PMCID: PMC4016298  PMID: 24083831
Vasculitis; Outcome; Mortality; Intensive care unit; BVAS
22.  Impact of computerized physician order entry (CPOE) system on the outcome of critically ill adult patients: a before-after study 
Background
Computerized physician order entry (CPOE) systems are recommended to improve patient safety and outcomes. However, their effectiveness has been questioned. Our objective was to evaluate the impact of CPOE implementation on the outcome of critically ill patients.
Methods
This was an observational before-after study carried out in a 21-bed medical and surgical intensive care unit (ICU) of a tertiary care center. It included all patients admitted to the ICU in the 24 months pre- and 12 months post-CPOE (Misys®) implementation. Data were extracted from a prospectively collected ICU database and included: demographics, Acute Physiology and Chronic Health Evaluation (APACHE) II score, admission diagnosis and comorbid conditions. Outcomes compared in different pre- and post-CPOE periods included: ICU and hospital mortality, duration of mechanical ventilation, and ICU and hospital length of stay. These outcomes were also compared in selected high risk subgroups of patients (age 12-17 years, traumatic brain injury, admission diagnosis of sepsis and admission APACHE II > 23). Multivariate analysis was used to adjust for imbalances in baseline characteristics and selected clinically relevant variables.
Results
There were 1638 and 898 patients admitted to the ICU in the specified pre- and post-CPOE periods, respectively (age = 52 ± 22 vs. 52 ± 21 years, p = 0.74; APACHE II = 24 ± 9 vs. 24 ± 10, p = 0.83). During these periods, there were no differences in ICU (adjusted odds ratio (aOR) 0.98, 95% confidence interval [CI] 0.7-1.3) and in hospital mortality (aOR 1.00, 95% CI 0.8-1.3). CPOE implementation was associated with similar duration of mechanical ventilation and of stay in the ICU and hospital. There was no increased mortality or stay in the high risk subgroups after CPOE implementation.
Conclusions
The implementation of CPOE in an adult medical surgical ICU resulted in no improvement in patient outcomes in the immediate phase and up to 12 months after implementation.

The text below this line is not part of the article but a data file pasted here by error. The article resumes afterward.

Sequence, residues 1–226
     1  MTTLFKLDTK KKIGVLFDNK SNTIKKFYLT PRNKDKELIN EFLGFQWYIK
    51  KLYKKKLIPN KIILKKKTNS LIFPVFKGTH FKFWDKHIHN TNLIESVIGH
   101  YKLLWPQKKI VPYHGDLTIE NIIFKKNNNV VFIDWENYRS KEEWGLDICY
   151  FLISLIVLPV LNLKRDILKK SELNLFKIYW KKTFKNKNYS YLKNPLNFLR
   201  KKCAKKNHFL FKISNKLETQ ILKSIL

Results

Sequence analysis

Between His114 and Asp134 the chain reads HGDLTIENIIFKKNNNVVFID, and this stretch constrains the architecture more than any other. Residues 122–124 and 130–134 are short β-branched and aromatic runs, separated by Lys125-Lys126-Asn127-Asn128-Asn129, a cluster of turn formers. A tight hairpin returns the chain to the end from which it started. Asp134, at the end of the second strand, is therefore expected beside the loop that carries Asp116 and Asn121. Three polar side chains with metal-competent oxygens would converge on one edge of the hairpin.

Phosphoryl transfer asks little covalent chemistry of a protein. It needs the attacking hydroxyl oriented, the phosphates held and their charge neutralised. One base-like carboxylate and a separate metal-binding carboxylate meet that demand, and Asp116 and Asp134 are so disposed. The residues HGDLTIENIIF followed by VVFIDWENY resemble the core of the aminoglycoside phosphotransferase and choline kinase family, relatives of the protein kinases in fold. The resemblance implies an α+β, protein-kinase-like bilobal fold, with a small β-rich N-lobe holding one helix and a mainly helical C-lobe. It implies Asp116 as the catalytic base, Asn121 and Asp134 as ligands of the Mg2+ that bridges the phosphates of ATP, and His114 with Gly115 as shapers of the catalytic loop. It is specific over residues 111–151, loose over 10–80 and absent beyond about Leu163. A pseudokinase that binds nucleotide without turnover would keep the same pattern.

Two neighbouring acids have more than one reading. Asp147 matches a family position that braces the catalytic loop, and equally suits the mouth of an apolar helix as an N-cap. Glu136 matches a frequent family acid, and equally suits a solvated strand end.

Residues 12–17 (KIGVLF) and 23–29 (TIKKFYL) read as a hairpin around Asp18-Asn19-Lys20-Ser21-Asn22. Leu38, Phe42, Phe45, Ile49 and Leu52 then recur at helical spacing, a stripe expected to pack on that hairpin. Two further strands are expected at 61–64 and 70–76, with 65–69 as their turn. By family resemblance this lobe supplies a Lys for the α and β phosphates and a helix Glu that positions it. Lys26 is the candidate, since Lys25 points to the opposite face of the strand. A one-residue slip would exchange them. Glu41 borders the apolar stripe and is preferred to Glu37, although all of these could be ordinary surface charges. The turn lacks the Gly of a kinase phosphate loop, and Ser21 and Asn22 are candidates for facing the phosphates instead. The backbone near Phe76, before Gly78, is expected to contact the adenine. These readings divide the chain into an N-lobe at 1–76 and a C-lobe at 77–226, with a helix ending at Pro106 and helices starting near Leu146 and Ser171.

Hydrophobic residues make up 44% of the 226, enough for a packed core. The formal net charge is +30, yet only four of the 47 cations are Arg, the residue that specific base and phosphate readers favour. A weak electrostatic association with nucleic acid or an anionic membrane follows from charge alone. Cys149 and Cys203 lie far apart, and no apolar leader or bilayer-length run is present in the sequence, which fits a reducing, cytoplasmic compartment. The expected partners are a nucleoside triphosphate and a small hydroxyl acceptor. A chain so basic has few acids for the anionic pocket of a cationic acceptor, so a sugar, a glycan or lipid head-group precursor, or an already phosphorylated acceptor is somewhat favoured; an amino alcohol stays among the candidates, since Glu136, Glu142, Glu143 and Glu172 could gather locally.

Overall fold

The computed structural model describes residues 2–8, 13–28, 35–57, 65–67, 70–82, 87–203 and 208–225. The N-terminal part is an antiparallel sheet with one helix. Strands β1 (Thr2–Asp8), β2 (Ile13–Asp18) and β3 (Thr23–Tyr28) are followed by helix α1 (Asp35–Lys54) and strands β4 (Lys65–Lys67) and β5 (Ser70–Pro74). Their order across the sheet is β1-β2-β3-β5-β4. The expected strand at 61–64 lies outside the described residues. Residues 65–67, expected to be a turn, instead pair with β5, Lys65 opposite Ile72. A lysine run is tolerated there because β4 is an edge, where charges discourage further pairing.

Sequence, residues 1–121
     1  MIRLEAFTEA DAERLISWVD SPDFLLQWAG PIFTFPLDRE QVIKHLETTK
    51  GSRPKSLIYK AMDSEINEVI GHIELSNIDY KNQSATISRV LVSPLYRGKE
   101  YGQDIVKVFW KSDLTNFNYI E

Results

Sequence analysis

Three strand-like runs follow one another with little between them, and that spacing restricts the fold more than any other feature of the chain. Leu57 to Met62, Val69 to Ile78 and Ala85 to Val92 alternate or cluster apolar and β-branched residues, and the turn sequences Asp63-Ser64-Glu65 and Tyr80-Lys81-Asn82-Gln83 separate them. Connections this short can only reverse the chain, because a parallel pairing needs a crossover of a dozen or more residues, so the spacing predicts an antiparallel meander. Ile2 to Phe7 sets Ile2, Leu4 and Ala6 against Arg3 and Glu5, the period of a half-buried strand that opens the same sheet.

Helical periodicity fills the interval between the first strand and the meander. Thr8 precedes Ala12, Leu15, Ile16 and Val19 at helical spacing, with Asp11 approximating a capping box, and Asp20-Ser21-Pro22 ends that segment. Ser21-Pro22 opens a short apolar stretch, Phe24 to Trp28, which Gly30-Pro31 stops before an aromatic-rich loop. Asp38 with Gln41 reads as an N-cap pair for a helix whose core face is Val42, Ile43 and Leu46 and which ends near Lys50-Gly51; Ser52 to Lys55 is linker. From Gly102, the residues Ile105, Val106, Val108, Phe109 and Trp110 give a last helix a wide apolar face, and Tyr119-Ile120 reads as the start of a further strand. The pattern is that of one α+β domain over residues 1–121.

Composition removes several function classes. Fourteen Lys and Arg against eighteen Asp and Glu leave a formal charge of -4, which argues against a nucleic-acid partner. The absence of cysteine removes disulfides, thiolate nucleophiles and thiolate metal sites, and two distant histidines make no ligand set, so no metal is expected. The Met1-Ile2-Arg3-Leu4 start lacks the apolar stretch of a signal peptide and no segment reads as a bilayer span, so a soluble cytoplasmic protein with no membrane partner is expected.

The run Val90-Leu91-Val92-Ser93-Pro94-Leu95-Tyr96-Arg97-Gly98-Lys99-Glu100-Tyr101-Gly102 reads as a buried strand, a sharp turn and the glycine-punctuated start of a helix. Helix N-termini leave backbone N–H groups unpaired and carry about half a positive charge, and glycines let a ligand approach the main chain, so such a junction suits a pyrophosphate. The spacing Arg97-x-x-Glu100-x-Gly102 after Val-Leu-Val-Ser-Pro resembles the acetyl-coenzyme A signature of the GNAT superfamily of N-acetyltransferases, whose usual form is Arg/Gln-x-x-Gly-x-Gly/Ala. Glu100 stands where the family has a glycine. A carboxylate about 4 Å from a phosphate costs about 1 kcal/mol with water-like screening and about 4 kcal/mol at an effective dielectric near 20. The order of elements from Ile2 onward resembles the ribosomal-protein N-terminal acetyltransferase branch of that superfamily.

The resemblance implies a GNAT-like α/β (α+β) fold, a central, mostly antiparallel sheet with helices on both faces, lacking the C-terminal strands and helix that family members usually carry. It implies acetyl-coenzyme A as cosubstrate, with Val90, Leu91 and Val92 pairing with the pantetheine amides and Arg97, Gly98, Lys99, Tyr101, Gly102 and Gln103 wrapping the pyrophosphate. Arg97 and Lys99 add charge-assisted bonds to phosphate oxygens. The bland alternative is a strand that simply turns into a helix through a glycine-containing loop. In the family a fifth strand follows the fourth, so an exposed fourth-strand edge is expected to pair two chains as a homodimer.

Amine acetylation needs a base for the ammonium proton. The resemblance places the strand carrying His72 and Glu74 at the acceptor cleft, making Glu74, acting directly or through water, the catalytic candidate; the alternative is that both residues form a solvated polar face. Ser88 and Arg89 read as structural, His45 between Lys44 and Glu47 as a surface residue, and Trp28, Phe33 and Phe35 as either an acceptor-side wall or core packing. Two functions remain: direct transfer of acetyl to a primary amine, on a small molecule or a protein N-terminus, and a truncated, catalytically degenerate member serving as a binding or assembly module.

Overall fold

doi:10.1186/1472-6947-11-71
PMCID: PMC3248372  PMID: 22098683
Intensive care unit; critical illness; CPOE; safety management; mortality; morbidity
23.  Role of spiral volumetric computed tomographic scanning in the assessment of patients with clinical suspicion of pulmonary embolism and an abnormal ventilation/perfusion lung scan. 
Thorax  1996;51(1):23-28.
BACKGROUND: A study was carried out to evaluate the potential place of spiral volumetric computed tomography (SVCT) in the diagnostic strategy for pulmonary embolism. METHODS: In a prospective study 249 patients with clinical suspicion of pulmonary embolism were evaluated with various imaging techniques. In all patients a ventilation/perfusion (V/Q) scan was performed. Seventy seven patients with an abnormal V/Q scan underwent SVCT. Pulmonary angiography was then performed in all 42 patients with a non-diagnostic V/Q scan and in three patients with a high probability V/Q scan without emboli on the SVCT scan. Patients with an abnormal perfusion scan also underwent ultrasonography of the legs for the detection of deep vein thrombosis. RESULTS: One hundred and seventy two patients (69%) had a normal V/Q scan. Forty two patients (17%) had a non-diagnostic V/Q scan, and in five of these patients pulmonary emboli were found both by SVCT and pulmonary angiography. In one patient, although SVCT showed no emboli, the angiogram was positive for pulmonary embolism. In one of the 42 patients the SVCT scan showed an embolus which was not confirmed by pulmonary angiography. The other 35 patients showed no sign of emboli. Thirty five patients (14%) had a high probability V/Q scan, and in 32 patients emboli were seen on SVCT images. Two patients had both a negative SVCT scan and a negative pulmonary angiogram. In one who had an inconclusive SVCT scan pulmonary angiography was positive. The sensitivity for pulmonary embolism was 95% and the specificity 97%; the positive and negative predicted values of SVCT were 97% and 97%, respectively. CONCLUSIONS: SVCT is a relatively noninvasive test for pulmonary embolism which is both sensitive and specific and which may serve as an alternative to ventilation scintigraphy and possibly to pulmonary angiography in the diagnostic strategy for pulmonary embolism.
Images
PMCID: PMC472794  PMID: 8658363
24.  Thromboprophylaxis patterns and determinants in critically ill patients: a multicenter audit 
Critical Care  2014;18(2):R82.
Introduction
Heparin is safe and prevents venous thromboembolism in critical illness. We aimed to determine the guideline concordance for thromboprophylaxis in critically ill patients and its predictors, and to analyze factors associated with the use of low molecular weight heparin (LMWH), as it may be associated with a lower risk of pulmonary embolism and heparin-induced thrombocytopenia without increasing the bleeding risk.
Methods